sympathetic impulses to the heart and blood vessels and
excite the parasympathetics; this allows the arterial
pressure to fall back toward normal.
Gastrointestinal Autonomic Reflexes. The uppermost part of
the gastrointestinal tract and the rectum are controlled
principally by autonomic reflexes. For instance, the
smell of appetizing food or the presence of food in
the mouth initiates signals from the nose and mouth
to the vagal, glossopharyngeal, and salivatory nuclei
of the brain stem.These in turn transmit signals through
the parasympathetic nerves to the secretory glands of
the mouth and stomach, causing secretion of digestive
juices sometimes even before food enters the mouth.
When fecal matter fills the rectum at the other end
of the alimentary canal, sensory impulses initiated by
stretching the rectum are sent to the sacral portion of
the spinal cord, and a reflex signal is transmitted back
through the sacral parasympathetics to the distal parts
of the colon; these result in strong peristaltic contractions
that cause defecation.
Other Autonomic Reflexes. Emptying of the urinary bladder
is controlled in the same way as emptying the rectum;
stretching of the bladder sends impulses to the sacral
cord, and this in turn causes reflex contraction of the
bladder and relaxation of the urinary sphincters,
thereby promoting micturition.
Also important are the sexual reflexes, which are initiated
both by psychic stimuli from the brain and by
stimuli from the sexual organs. Impulses from these
sources converge on the sacral cord and, in the male,
result first in erection, mainly a parasympathetic function,
and then ejaculation, partially a sympathetic
Other autonomic control functions include reflex
contributions to the regulation of pancreatic secretion,
gallbladder emptying, kidney excretion of urine, sweating,
blood glucose concentration, and many other visceral
functions, all of which are discussed in detail at
other points in this text.

(ANS) Autonomic Effects on Various Organs of the Body

Autonomic Effects on Various Organs of the Body
Organ Effect of Sympathetic Stimulation Effect of Parasympathetic Stimulation
Pupil Dilated Constricted
Ciliary muscle Slight relaxation (far vision) Constricted (near vision)
Glands Vasoconstriction and slight secretion Stimulation of copious secretion (containing many enzymes for Nasal enzyme-secreting glands)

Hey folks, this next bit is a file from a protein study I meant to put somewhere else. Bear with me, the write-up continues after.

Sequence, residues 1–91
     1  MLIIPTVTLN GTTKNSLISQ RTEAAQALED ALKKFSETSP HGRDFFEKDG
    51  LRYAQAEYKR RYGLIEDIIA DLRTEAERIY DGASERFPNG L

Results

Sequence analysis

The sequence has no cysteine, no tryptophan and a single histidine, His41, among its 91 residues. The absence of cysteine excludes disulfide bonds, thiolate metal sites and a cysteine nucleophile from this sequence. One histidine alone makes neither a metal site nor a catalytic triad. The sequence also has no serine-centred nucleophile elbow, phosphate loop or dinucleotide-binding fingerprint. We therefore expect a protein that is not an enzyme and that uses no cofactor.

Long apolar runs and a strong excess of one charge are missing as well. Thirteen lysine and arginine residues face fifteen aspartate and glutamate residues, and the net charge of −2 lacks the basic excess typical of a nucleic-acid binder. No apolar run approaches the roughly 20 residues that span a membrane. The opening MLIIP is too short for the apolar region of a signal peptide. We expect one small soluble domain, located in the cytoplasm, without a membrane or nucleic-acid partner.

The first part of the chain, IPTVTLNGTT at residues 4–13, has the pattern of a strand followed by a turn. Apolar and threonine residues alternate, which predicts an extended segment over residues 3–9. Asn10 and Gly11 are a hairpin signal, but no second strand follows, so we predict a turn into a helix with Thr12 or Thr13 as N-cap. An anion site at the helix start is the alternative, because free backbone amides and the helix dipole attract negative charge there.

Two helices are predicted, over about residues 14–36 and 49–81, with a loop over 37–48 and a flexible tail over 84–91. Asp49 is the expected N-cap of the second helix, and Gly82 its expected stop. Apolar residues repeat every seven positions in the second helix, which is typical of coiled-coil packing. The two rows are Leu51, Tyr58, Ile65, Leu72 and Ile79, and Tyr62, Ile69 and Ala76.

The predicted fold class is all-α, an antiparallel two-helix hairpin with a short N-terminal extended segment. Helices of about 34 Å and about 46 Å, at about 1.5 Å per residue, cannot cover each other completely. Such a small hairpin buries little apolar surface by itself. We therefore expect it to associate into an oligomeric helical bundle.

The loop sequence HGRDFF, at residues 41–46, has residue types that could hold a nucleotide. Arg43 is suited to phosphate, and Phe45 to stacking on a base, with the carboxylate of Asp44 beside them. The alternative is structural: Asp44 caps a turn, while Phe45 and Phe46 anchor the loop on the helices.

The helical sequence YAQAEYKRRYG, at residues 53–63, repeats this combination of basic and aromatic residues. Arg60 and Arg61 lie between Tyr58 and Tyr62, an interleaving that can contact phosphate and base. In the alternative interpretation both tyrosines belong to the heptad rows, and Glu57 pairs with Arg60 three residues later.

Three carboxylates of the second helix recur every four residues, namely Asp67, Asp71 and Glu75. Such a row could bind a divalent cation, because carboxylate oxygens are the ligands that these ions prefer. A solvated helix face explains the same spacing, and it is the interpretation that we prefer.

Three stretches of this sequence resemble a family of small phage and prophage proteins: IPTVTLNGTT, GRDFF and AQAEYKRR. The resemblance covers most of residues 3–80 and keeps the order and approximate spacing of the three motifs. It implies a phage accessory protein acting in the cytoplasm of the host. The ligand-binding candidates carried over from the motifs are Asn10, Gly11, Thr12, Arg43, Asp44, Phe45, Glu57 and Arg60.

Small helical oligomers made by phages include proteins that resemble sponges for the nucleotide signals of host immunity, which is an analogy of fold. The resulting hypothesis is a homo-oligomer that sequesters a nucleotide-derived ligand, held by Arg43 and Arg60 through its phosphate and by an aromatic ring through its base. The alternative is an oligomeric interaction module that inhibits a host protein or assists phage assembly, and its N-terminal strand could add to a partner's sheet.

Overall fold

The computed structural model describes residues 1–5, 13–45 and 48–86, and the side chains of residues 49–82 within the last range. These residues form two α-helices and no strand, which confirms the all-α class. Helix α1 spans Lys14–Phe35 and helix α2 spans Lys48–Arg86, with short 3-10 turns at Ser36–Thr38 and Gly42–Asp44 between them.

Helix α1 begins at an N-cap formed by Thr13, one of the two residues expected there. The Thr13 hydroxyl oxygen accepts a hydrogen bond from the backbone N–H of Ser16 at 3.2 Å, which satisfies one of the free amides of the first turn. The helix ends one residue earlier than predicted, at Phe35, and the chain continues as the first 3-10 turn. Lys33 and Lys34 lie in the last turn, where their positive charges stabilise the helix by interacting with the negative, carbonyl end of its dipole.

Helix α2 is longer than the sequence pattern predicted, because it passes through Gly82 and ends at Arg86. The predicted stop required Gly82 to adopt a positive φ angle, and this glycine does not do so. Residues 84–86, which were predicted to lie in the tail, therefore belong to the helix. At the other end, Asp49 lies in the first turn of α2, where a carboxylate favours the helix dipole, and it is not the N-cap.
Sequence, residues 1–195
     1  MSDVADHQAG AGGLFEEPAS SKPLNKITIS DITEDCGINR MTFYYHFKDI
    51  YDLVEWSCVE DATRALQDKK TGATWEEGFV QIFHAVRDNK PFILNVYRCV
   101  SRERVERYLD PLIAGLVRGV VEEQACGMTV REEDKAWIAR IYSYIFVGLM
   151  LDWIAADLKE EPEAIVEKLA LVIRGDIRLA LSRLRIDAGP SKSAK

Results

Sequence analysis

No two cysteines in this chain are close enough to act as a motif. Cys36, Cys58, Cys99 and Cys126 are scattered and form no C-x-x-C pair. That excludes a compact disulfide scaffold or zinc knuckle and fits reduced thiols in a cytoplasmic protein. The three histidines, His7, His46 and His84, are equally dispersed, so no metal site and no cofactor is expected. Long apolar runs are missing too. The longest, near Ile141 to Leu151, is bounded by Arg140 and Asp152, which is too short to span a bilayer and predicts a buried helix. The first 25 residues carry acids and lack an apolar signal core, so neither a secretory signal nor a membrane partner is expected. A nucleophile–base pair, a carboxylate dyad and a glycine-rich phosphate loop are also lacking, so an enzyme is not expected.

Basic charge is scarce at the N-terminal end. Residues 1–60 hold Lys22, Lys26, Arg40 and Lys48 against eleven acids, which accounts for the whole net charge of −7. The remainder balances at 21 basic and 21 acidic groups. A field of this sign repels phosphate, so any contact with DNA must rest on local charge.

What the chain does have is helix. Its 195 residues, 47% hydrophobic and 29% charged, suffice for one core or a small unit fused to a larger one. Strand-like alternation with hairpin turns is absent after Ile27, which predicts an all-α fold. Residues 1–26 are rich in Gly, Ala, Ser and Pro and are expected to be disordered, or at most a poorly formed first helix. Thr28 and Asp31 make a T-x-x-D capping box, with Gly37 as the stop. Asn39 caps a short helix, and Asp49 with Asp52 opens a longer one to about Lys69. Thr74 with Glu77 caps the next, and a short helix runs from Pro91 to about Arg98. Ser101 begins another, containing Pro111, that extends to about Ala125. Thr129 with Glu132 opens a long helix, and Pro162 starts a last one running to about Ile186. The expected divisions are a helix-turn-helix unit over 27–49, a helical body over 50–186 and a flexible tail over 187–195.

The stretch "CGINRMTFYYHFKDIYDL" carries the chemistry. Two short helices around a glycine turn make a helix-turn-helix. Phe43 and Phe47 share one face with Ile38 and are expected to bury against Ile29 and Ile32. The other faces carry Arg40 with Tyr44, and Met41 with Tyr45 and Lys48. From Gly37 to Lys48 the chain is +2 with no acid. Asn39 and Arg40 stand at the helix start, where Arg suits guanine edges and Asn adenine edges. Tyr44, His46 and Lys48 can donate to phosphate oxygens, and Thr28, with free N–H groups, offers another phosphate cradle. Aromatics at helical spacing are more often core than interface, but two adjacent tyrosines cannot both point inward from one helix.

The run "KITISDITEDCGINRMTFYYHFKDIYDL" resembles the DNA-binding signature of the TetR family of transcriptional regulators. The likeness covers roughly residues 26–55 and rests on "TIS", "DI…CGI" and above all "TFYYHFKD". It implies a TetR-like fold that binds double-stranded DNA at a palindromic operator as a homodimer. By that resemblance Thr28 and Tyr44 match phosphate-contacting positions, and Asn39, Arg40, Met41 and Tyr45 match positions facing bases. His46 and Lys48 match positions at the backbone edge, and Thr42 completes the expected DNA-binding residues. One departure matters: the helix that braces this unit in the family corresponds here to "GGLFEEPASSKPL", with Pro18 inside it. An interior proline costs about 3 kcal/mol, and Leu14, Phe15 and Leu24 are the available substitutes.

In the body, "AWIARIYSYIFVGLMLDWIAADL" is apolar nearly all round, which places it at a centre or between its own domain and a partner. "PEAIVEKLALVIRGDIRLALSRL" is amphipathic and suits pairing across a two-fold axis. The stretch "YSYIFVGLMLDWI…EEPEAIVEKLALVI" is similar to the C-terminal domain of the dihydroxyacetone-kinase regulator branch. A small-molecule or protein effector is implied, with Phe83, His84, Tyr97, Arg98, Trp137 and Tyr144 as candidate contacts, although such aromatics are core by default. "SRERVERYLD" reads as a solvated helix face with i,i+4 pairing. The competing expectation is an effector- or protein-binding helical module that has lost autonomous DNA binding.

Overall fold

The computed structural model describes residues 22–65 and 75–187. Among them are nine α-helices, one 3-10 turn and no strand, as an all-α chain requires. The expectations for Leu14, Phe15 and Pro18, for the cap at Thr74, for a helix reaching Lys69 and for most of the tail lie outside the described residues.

Sweat glands Copious sweating (cholinergic) Sweating on palms of hands
Apocrine glands Thick, odoriferous secretion None
Blood vessels Most often constricted Most often little or no effect
Muscle Increased rate Slowed rate
Increased force of contraction Decreased force of contraction(especially of atria)
Coronaries Dilated (b2); constricted (a) Dilated
Bronchi Dilated Constricted
Blood vessels Mildly constricted ?Dilated
Lumen Decreased peristalsis and tone Increased peristalsis and tone
Sphincter Increased tone (most times) Relaxed (most times)
Liver Glucose released Slight glycogen synthesis
Gallbladder and bile ducts Relaxed Contracted
Kidney Decreased output and renin secretion None
Detrusor Relaxed (slight) Contracted
Trigone Contracted Relaxed
Penis Ejaculation Erection
Systemic arterioles
Abdominal viscera Constricted None
Muscle Constricted (adrenergic a) None
Dilated (adrenergic b2)
Dilated (cholinergic)
Skin Constricted None
Coagulation Increased None
Glucose Increased None
Lipids Increased None
Basal metabolism Increased up to 100% None
Adrenal medullary secretion Increased None
Mental activity Increased None
Piloerector muscles Contracted None
Skeletal muscle Increased glycogenolysis None
Increased strength
Fat cells Lipolysis None

Abnormalities of Secretion by the Ovaries

Amenorrhea is the lack of menstrual flow and can be a normal occurrence or a sign of malfunction or disease. In primary amenorrhea, menstruation does not begin when expected (by the age of 16). Secondary amenorrhea occurs when the normal established menstrual cycle is shut down for 6 or more months due to a condition other than pregnancy, breastfeeding or menopause.

Abnormalities of Secretion by the Ovaries

Hypogonadism. Less than normal secretion by the ovaries can result from poorly formed ovaries, lack of ovaries,
or genetically abnormal ovaries that secrete the wrong hormones because of missing enzymes in the secretory
cells. When ovaries are absent from birth or when they become nonfunctional before puberty, female
eunuchism occurs. In this condition, the usual secondary sexual characteristics do not appear, and the sexual
organs remain infantile. Especially characteristic of this condition is prolonged growth of the long bones
because the epiphyses do not unite with the shafts as early as they do in a normal woman. Consequently, the
female eunuch is essentially as tall as or perhaps even slightly taller than her male counterpart of similar
genetic background.